Hospital District trustee resigns over terms of agreement
The battles between Indian River Medical Center and the Hospital District over indigent care funding may be over for the moment, but a district trustee resigned last week expressing unhappiness with where things now stand.
Jim Seaton, a retired hospital executive from Polk County who moved to Vero Beach in 2012, stepped down less than six months after replacing Burton Lee as a Hospital District trustee in January.
“The new Indigent Care Agreement is full of weaknesses that greatly concern me because we have tremendous responsibility as holders of the hospital lease but limited authority, and I can’t in clear conscience continue on the District board,” he said in a letter to District chairman Tom Spackman.
In his letter, Seaton cited an appellate court decision from 2000 which said it was up to District trustees as representatives of the taxpayers to decide the amount of taxpayer dollars that go to the hospital. But he said that the District had recently “negotiated away its authority” in the new agreement.
“As a trustee, I agreed to be responsible for how the taxpayers’ money is spent, but under the new agreement the authority of the trustees has been wrongly limited,” he told Vero Beach 32963.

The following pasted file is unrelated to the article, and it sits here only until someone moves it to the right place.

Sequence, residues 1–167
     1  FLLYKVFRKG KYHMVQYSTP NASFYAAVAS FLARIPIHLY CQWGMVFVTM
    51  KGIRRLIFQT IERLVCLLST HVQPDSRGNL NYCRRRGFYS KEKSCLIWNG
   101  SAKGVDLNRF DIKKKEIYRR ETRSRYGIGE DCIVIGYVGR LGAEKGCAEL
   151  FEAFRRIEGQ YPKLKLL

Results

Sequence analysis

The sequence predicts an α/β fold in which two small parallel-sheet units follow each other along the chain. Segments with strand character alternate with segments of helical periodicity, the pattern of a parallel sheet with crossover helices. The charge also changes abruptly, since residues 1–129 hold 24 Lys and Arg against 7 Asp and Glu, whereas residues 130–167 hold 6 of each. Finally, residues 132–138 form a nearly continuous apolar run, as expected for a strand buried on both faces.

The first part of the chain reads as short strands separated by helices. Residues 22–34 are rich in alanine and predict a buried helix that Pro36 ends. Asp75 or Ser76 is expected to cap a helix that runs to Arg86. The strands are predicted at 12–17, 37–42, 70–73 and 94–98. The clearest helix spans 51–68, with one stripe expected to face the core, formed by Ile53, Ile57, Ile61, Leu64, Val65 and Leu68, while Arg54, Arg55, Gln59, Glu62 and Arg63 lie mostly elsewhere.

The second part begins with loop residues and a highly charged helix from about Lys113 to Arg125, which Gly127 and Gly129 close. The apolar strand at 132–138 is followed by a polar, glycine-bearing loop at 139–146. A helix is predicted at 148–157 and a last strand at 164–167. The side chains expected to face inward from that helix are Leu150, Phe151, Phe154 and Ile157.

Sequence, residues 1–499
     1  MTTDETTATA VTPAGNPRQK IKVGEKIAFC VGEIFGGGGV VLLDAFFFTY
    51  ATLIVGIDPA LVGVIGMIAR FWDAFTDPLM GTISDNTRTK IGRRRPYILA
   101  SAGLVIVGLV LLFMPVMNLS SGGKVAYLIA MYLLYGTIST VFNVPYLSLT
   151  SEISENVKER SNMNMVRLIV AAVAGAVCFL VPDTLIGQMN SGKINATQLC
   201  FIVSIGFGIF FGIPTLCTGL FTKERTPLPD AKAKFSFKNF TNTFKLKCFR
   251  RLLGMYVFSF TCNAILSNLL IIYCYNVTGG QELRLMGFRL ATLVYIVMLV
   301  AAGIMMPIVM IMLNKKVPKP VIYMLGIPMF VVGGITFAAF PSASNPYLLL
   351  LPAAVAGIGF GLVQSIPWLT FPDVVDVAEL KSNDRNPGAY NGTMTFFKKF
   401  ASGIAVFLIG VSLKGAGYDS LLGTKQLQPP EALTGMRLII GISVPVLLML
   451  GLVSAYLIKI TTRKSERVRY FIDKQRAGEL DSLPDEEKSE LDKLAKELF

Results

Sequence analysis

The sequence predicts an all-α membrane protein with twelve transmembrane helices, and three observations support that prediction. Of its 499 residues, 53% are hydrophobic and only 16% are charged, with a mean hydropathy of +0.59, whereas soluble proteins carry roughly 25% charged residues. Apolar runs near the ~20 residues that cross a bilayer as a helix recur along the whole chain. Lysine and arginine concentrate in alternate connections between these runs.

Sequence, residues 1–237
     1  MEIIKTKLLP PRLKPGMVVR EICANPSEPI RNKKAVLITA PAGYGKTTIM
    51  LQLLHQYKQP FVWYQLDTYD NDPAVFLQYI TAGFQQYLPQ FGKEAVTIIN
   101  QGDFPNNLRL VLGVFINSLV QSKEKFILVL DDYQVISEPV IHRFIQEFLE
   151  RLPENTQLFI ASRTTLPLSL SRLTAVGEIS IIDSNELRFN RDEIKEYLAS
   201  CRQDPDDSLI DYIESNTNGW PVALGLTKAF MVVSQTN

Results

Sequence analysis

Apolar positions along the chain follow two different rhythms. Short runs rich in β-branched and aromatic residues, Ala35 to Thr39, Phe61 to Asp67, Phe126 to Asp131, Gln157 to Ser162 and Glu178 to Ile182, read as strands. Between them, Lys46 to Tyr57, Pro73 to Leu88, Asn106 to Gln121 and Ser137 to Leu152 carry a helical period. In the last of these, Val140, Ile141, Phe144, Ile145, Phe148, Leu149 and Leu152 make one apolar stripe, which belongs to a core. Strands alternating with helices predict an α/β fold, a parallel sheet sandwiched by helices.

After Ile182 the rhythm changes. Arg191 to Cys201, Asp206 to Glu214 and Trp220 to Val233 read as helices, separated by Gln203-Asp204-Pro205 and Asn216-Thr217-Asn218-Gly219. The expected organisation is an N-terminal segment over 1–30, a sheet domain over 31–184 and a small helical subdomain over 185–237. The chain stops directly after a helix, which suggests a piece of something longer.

Seaton took Lee’s seat after Lee, who supported Seaton, resigned for health reasons. Seaton said he wanted to address how the millions in taxpayer dollars the hospital gets from the District are spent: “The hospital is an asset owned by the community which is costing taxpayers a lot of money,” he said.
Further, said Seaton, he also became a trustee “to bring more equity to how the different agencies are treated” when it comes to District funding.
The District helps fund indigent health care in the county for eight nonprofits, including Indian River Medical Center.
The other seven agencies make a case for funding from the District each year and the seven District trustees decide what amount each agency gets.
With the hospital, however, lengthy negotiations have been involved, which Seaton said violated the 2000 court decision and put the other agencies at a disadvantage.